A solid 25 years into the all-digital era, email continues to evolve. So this week, one of the world’s biggest providers is adding a few small features to help protect consumers. [More]
While U.S. lawmakers recently passed legislation that would end certain types of invasive snooping by federal agencies, the Justice Dept. continues to push electronics manufacturers for backdoors that would allow law enforcement to access encrypted devices. A pair of trade groups representing a wide variety of electronics and online businesses have written President Obama asking him to consider the “global implications” of these efforts. [More]
There are certain websites that you expect to be secure. The NSA’s and FBI’s sites, for example, or any shopping site you enter your credit card information on. They say HTTPS, and they show a lock, so they’re fine, right? Wrong. A team of researchers this week has announced the finding of a flaw they’re calling FREAK. It interferes with that encryption and makes some sites vulnerable — and it’s everywhere. Not just on laptop and desktop computers, but also on mobile phones and tables. Here’s what you need to know. [More]
Last week, the world collectively freaked out when we learned that Samsung’s smart TVs can take things that we say in our living rooms and uploads them to a third-party transcription service. The gadget-maker tried to calm us all down by explaining how the service works, but there’s a problem: people may have assumed that data is encrypted. It’s not. [More]
Broadband and mobile companies are happy to claim that we don’t need new rules to protect net neutrality, because even without rules in place, they’ve never blocked traffic in any harmful way and don’t particularly want to in the future either. However, one internet business says they have proof it happens — and the way the ISPs are doing it can have a huge effect not only on the quality of internet traffic, but on the safety of it, too. [More]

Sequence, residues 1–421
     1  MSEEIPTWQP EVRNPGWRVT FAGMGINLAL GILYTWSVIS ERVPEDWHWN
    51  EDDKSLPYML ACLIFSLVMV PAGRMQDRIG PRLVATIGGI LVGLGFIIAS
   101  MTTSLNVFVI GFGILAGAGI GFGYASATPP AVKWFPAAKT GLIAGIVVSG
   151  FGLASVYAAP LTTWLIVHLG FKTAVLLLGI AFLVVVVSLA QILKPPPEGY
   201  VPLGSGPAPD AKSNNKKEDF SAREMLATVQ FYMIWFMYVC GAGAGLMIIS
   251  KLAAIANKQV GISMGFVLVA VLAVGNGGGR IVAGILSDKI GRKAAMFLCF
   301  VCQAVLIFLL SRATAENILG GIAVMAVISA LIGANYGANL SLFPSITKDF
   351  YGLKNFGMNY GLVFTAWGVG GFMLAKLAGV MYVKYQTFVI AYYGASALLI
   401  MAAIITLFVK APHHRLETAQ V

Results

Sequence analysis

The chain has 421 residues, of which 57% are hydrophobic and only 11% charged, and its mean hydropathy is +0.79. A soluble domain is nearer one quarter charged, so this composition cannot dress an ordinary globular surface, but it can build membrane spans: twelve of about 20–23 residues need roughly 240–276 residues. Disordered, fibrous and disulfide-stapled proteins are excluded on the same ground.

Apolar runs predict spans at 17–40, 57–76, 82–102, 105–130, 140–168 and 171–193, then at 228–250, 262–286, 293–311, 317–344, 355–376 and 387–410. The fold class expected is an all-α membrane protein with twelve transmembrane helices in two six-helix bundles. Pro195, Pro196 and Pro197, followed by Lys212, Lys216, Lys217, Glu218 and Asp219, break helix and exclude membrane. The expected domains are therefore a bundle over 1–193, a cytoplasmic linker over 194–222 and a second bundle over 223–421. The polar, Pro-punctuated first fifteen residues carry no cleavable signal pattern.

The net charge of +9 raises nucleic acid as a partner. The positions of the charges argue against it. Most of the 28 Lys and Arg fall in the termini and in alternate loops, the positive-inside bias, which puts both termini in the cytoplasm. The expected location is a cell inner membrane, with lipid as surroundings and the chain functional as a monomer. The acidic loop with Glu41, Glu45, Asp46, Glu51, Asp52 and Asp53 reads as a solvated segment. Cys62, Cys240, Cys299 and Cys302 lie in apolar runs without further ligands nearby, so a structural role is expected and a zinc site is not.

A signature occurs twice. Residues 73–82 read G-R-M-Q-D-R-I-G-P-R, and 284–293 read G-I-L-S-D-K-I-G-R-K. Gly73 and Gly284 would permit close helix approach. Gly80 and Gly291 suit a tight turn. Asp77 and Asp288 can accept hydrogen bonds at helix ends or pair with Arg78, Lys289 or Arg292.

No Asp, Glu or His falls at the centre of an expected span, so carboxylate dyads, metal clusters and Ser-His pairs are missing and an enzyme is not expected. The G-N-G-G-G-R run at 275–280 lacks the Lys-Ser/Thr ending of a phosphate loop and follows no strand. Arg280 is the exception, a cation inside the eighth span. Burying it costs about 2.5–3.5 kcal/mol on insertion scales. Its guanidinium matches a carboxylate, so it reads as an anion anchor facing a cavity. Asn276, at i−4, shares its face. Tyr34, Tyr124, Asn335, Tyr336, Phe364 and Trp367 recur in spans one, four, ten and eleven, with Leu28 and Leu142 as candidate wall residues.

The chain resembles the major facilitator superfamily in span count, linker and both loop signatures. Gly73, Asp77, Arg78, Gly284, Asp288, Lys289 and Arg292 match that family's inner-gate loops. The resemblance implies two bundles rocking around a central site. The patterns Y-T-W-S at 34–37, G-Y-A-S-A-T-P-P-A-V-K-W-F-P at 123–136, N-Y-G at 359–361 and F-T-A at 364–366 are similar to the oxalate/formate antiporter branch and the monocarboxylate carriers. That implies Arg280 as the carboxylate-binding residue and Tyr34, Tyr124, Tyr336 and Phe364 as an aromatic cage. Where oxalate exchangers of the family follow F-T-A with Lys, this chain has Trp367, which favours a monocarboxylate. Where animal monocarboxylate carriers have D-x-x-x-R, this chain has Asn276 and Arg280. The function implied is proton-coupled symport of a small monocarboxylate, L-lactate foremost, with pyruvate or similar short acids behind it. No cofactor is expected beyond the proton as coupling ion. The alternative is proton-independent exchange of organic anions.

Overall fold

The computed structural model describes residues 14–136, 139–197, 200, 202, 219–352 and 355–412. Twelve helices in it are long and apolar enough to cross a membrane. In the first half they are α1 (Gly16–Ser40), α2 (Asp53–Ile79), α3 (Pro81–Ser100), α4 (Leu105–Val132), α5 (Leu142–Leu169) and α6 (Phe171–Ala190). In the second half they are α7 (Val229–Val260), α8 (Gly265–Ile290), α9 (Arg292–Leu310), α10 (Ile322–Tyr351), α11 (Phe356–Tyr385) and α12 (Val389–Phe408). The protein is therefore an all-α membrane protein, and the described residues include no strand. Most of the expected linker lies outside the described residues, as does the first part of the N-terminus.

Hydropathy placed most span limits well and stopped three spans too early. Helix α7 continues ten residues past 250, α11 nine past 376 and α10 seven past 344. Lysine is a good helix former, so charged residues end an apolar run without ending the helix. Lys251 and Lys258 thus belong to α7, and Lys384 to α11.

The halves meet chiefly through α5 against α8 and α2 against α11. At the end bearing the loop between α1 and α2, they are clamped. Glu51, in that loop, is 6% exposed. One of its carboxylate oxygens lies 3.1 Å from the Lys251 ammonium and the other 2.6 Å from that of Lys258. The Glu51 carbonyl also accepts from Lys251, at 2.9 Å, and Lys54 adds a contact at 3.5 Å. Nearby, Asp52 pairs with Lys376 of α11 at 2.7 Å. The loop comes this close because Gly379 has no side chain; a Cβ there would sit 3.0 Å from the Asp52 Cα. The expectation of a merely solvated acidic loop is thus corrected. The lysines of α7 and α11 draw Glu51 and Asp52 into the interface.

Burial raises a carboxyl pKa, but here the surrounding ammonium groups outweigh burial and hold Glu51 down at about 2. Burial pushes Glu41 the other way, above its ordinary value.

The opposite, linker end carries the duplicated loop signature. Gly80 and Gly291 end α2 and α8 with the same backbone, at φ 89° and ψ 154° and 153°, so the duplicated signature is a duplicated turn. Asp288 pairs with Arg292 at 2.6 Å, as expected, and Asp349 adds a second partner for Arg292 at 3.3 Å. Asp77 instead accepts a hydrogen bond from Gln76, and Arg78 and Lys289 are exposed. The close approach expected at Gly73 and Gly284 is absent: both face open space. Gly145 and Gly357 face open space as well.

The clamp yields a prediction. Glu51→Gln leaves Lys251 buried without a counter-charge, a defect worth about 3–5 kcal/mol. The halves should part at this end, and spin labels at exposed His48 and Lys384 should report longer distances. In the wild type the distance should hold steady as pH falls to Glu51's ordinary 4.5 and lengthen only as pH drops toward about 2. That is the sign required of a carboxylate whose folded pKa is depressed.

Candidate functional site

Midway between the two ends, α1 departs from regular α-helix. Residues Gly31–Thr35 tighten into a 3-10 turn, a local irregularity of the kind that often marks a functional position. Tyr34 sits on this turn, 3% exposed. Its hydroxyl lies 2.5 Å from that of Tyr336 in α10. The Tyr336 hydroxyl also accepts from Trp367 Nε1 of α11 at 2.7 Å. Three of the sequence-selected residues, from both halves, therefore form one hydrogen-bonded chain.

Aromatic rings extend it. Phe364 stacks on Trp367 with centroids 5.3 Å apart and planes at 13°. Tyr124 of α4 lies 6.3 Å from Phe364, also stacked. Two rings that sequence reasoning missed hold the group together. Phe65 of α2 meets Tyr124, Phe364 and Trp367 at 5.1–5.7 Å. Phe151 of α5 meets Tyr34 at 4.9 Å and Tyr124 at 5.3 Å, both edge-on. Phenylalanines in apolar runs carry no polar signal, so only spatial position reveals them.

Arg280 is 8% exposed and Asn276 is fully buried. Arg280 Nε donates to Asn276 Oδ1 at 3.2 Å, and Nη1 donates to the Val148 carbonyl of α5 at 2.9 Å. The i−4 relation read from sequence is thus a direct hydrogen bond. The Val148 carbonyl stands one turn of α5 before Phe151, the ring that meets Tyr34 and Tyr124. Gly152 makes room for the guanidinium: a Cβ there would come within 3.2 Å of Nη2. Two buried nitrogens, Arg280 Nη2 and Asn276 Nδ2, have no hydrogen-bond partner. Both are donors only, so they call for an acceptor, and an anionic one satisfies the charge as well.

While most major services you use like Facebook, Google, Yahoo, Twitter and others have likely (and hopefully) patched up any security holes at risk from the Heartbleed bug, U.S. regulators are warning banks to update their systems as well, and quickly. [More]
If security is a blanket, Yahoo is trying to roll itself up in more layers of that blanket to make a nice little cocoon for its users, designed to keep the government and others from snooping. Following Google’s recent new security measures, Yahoo says it’s also completed a new system that encrypts all info going from one Yahoo data center to another. [More]
A glitch at AT&T is causing some mobile phone used to be randomly shuffled into other people’s Facebook accounts. Apparently the carrier has confused which phones should be logged into which accounts. Whoops. [More]
If you’re a gadgetophile like me, you love firmware updates because it’s like giving your smartphone, camera, or other mp3 player a mini-makeover. If you’re normal, however, don’t rush into it—the best thing to do is wait a bit and see what problems are reported from the front line. Take for instance this issue between 3G iPhones and Exchange servers, which no longer play well with each other after yesterday’s 3.1 iPhone OS upgrade.
This fall, credit card processors will being rolling out a new approach to preventing data theft, based on the assumption that it’s impossible to thwart every attack. Instead of keeping 100% of criminals out, they’ll segment and encrypt the data into such small chunks that it will no longer be a cost-effective crime.
Gmail recently rolled out a change to its settings, where now you can permanently turn on SSL encryption. Do it now—your personal data will thank you for it. Besides, it’s going to get a lot easier to hack Gmail sessions very soon, because some guy is planning on releasing a hacking tool to the public in order to force Google to implement better security. [monkey_bites]